Without a doubt most visitors to our fine city will allocate a day to spend in Fatih. The “old city” as it is known, home to The Blue Mosque and The Grand Bazaar, The Cistern and many other must see sights tucked within the ancient ruins of the city walls. What many guests don’t realize, is just a short distance away, in the same Fatih district is a neighborhood which offers a peek into a very different way of life.
Istanbul’s most religiously conservative area is nestled into the old city, in a neighborhood which reaches back to the times of Constantine. Its name is Çarşamba. Which translates to Wednesday in Turkish. It is also an homage to the many settlers from the Black Sea city of Samsun (also with a Çarşamba district) who relocated to Fatih after the fall of Constantinople.
But most people know it for the Çarşamba Pazar, the largest open air market in Istanbul, It is held every Wednesday, dawn to dusk and it covers 17 city blocks. Visitors can observe and participate in the chaos. Sellers shouting and hawking their wares, covered ladies in their black chador, throwing elbows to get through the crowd. It should not be missed. I lived in Çarşamba my first year in Istanbul and it was an education. Those women don’t mess around.
Aside from the bazaar the Fatih Camii (or Fatih Mosque) should be a stop on any architecture enthusiasts list, or even people who like to see beautiful things. The majority of this mosque was actually rebuilt in 1771 after an earthquake destroyed much of the original. Its Baroque design is mixed with various components which date all the way back to 1463! This is also where the great conqueror Fatih Sultan Mehmet, who is responsible for the fall of the Byzantine Empire, is buried.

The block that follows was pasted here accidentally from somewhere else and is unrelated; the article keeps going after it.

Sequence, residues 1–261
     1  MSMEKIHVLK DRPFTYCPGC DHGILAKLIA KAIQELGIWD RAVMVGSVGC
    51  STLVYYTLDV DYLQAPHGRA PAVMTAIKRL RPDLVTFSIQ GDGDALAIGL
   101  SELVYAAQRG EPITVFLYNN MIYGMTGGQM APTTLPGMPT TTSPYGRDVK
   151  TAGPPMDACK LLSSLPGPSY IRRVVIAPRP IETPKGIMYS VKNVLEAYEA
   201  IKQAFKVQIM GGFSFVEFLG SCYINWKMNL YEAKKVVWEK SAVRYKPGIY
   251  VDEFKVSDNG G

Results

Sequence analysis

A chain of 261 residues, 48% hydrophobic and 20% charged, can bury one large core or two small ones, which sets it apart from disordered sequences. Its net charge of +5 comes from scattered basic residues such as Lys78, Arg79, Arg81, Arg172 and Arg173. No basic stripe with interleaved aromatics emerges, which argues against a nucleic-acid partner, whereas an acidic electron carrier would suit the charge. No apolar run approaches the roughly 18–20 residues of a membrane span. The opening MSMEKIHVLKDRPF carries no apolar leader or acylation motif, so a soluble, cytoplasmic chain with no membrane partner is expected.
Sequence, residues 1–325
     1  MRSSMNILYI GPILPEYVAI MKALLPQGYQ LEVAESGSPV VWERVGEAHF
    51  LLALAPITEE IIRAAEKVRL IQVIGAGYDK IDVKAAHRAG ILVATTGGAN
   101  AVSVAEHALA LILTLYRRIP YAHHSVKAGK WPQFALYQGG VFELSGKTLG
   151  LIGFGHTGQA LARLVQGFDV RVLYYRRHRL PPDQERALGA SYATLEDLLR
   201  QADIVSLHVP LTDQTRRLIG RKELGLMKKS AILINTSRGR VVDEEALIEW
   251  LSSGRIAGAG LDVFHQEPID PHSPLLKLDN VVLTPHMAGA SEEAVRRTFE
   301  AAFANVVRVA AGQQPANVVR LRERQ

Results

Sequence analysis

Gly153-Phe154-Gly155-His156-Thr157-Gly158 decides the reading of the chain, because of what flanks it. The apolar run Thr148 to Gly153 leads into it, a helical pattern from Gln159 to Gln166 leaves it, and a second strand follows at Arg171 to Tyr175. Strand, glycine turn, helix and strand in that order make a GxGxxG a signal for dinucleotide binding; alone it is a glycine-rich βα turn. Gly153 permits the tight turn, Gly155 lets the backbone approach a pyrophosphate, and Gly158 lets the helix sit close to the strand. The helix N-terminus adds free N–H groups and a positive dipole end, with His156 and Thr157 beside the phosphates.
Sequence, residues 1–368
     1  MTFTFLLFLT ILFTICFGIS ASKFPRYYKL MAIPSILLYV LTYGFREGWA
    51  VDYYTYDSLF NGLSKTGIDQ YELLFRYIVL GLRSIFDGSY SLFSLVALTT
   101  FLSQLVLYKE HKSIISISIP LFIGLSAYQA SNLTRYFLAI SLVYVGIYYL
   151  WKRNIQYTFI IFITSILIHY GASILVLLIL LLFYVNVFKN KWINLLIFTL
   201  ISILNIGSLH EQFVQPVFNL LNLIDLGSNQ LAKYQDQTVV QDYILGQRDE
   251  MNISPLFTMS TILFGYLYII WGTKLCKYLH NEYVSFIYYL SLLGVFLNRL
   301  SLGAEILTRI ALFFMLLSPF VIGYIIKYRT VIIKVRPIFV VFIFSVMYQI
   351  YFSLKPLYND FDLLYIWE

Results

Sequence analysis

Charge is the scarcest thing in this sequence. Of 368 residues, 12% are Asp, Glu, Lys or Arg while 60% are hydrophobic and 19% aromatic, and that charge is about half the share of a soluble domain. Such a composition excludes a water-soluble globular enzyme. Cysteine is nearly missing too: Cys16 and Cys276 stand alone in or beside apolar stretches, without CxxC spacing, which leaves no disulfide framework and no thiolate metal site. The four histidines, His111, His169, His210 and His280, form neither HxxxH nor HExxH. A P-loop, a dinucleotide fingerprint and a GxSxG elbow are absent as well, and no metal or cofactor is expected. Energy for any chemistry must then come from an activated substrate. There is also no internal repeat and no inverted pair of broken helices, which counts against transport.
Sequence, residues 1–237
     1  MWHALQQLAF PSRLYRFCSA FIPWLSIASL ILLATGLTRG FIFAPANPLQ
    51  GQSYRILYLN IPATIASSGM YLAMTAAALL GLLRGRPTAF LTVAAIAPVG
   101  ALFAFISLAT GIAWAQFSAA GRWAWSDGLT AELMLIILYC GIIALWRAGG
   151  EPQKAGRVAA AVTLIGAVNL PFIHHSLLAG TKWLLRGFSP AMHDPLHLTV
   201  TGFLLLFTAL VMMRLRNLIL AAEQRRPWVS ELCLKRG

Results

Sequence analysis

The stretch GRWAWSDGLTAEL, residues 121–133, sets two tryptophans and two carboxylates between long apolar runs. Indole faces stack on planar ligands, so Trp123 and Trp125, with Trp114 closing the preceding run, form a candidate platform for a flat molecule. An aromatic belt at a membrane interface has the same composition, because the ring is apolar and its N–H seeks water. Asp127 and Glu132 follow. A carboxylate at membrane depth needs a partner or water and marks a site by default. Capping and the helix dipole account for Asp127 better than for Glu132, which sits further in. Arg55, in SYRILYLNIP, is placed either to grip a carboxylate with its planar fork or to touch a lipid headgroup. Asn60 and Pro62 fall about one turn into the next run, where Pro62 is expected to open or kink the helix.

I can’t recommend more strongly to plan your visit with one of the five daily ‘ezan’ or calls to prayer. I have been told that Çarşamba has the most mosques per square meter in the city. I believe this to be true. When I lived there my favorite part of the day was dawn, when the call began and each surrounding mosque’s call resonated out of the silence of the morning. Truly peaceful. Living in a secular neighborhood now, I miss it.
Lastly, on your tour of Çarşamba, check out the Ottoman architecture; the old wooden homes built in the early to late 1900’s. These homes have been listed on the UNESCO world heritage list. And while they are for the most part in a shocking state of disrepair, the feeling one gets, gazing upon so much history and beautiful decay, it cannot be compared. The city is making an effort to restore these homes, but it has been slow going. They are a crucial part of Istanbul's history.
The homes were built using wood due to both easy access to timber as well as their ability to be resilient against earthquakes. However, due to close quarters and flammability, many of these homes, vast swaths in fact were lost to fire over the years. The ones which still remain are often occupied by transients and not in good shape. But they are lovely. I can recommend specifically the Zeyrek area in Fatih (steps from Çarşamba) where a restoration focus has been targeted. I have my own dreams to own a specific Konak style home which I walked by 100 times with an ancient garden and a crumbling facade. These homes are picture worthy.
Çarşamba is a beautiful neighborhood with ancient architecture and a very different way of life. Visitors to the area should understand this and dress accordingly. Out of respect for the inhabitants bare shoulders and legs would be frowned upon. The streets are winding and small and can be confusing, so a map is always handy. And, while by all opinions and reports, Istanbul is a very safe city, I would not recommend touring after dark. By all means, go forth and explore this rarely seen part of Fatih, which has so much to offer.
This article was originally published on Circle Istanbul, then re-posted on Atdaa with author's permission.